There have been more recent attempts at value addition as well. In 2010, the Rajapaksa government launched a boat service from Nawala to Wellawatte via the Wellatte Canal. The service began by transporting students to the Open University, for a course offered at the time. The service was dropped for the lack of demand upon the completion of the course. According to Ranoshi Siripala, an ecologist at the SLLRDC, the failure to get the unit economics right and deploying fishing boats retrofitted with seats had contributed to the demise of the service. Just this month, on August 22, 2019, the Ministry of Megapolis and Western Development launched an air-conditioned boat service on the Beira Lake from Colombo Fort to Union Place—a two-kilometre stretch in Colombo’s commercial centre, where the road link experiences heavy congestion during peak hours. The service is offered free of charge for the first month by the Sri Lankan Navy, after which the ticket is expected to cost less than Rs 50. Starting at Lake House, the carrier will stop at Fort, Lotus Tower, and finally, call at Union Place. While it takes approximately 30 minutes to traverse the same stretch by bus, the newly launched service is expected to take only 10 minutes. The Navy plans to operate the passenger boats between 7 AM and 10 AM and 4 PM – 9 PM. If this pilot scheme is successful, plans are afoot to begin a similar service between Battaramulla and Wellawatte via the Wellawatte Canal (an 11 kilometre stretch, cutting across six major roads in central Colombo) and also in the Kelani River (a 35 kilometre stretch connecting Colombo Fort to major peri-urban settlements such as Peliyagoda, Kelaniya, Kaduwela and Malwana). Nearly all of Colombo’s major roads run from north to south enabling strong radial road connectivity around the city. Policymakers believe that canal-based transport could provide a valuable transverse link from west to east and ease the congestion on the roads.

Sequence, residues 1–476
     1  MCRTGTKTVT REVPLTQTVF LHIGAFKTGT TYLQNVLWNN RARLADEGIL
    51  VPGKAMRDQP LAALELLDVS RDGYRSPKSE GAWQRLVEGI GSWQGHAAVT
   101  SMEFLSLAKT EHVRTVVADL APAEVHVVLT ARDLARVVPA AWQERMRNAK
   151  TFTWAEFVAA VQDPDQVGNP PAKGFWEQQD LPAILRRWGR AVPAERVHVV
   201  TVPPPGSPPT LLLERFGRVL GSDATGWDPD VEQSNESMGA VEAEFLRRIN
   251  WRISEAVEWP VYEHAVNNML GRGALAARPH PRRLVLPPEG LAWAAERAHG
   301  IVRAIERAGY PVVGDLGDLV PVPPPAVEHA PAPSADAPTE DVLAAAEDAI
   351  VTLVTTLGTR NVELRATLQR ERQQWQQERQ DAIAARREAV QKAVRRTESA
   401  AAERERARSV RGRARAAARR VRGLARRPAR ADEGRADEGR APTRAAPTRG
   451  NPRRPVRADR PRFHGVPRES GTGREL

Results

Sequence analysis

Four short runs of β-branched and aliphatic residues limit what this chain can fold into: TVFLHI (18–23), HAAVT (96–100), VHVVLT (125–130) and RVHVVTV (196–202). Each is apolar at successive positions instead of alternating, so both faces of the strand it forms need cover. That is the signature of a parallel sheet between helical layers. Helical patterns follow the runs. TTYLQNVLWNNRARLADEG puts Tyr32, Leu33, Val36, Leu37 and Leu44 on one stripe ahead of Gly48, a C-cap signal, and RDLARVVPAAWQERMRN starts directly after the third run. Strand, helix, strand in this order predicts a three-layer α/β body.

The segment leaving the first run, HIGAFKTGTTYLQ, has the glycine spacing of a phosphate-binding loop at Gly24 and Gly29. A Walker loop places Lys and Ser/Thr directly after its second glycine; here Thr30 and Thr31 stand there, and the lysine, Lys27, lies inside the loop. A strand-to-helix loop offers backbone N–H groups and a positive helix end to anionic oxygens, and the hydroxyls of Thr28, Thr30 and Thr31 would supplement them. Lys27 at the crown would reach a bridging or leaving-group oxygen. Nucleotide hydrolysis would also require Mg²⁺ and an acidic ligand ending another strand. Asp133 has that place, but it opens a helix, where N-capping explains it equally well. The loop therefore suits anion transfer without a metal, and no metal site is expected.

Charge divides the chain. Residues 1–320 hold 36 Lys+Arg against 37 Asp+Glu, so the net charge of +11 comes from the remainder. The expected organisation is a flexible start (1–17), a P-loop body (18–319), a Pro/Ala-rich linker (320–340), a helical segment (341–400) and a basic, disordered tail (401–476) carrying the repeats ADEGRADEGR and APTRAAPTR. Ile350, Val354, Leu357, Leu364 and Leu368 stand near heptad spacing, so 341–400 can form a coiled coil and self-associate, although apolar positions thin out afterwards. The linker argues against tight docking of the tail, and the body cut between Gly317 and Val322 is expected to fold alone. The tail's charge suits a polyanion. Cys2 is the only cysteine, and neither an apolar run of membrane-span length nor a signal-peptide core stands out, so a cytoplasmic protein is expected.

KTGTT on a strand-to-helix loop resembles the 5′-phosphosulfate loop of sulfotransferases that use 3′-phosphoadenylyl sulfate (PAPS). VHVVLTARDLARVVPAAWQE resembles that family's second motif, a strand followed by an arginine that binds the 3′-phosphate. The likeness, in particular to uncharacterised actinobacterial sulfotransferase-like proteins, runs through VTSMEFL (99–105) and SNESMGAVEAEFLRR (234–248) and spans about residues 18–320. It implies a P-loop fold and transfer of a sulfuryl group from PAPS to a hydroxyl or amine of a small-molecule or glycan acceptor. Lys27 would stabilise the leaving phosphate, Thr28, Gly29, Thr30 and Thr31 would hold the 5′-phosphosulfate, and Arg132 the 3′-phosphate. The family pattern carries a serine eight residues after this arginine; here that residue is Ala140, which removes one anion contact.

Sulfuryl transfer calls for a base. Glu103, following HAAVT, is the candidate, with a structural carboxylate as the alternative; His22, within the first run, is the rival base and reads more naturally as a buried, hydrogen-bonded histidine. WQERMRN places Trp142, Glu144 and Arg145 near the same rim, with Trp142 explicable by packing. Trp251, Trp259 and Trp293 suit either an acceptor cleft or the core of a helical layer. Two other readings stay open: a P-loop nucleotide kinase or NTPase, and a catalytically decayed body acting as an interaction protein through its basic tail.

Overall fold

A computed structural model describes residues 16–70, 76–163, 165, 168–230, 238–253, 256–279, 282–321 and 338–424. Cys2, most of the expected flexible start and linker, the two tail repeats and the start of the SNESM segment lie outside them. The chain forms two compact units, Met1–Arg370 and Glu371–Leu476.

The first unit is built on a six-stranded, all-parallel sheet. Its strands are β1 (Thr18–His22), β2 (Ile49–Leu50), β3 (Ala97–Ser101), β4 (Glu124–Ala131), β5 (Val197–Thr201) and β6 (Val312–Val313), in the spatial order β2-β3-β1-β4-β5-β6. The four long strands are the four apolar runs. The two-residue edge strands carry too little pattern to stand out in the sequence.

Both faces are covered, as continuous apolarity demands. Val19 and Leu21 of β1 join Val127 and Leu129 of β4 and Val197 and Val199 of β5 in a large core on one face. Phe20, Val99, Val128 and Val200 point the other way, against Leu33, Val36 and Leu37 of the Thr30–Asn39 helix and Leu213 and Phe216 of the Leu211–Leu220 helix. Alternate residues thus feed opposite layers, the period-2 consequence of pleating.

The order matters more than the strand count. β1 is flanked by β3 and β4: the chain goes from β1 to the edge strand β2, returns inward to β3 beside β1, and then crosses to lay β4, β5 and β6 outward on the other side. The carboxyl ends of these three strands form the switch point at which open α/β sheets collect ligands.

Essential, Not Optional
Attempts at value addition or creation centred on the waterway system must be welcomed. But there are other reasons, far more fundamental, for keeping the system of waterways clean, dredged, and navigable.
Foremost, Colombo sits on low lying land: parts of the city are just above mean sea level (MSL) while others are below MSL. Given this geographic reality, it is easy to appreciate why preserving the marshlands’ boundaries and the canals’ water carrying capacity are important for flood prevention. With impending Climate Crisis these tasks become all the more critical.
Secondly, although the government relocated close to 6,000 families from low-income settlements alongside the canals between 1993-1997, even today a large number of urban poor still live next to polluted waterways. These communities represent some of the most vulnerable sections of the population. A 2015 Kelaniya University study found that the residents living adjacent to the St. Sebastian Canal ‘frequently suffered from skin sepsis, fungal infection, vector borne diseases such as Dengue and Filariasis, waterborne diseases such as diarrhea, hepatitis, and typhoid,’ and called for ‘immediate control measures to overcome the health impacts of water pollution.’
And there is thirdly, the problem of ocean pollution: 80 percent of marine plastic pollution originates from land-based activities and enters the ocean via inland waterways. Sri Lankan divers confirm that where a canal outlets into the ocean in the western coast, there is an incredible excess of plastics. And preventing the outflow of plastics is central to the scheme of combating marine plastic pollution.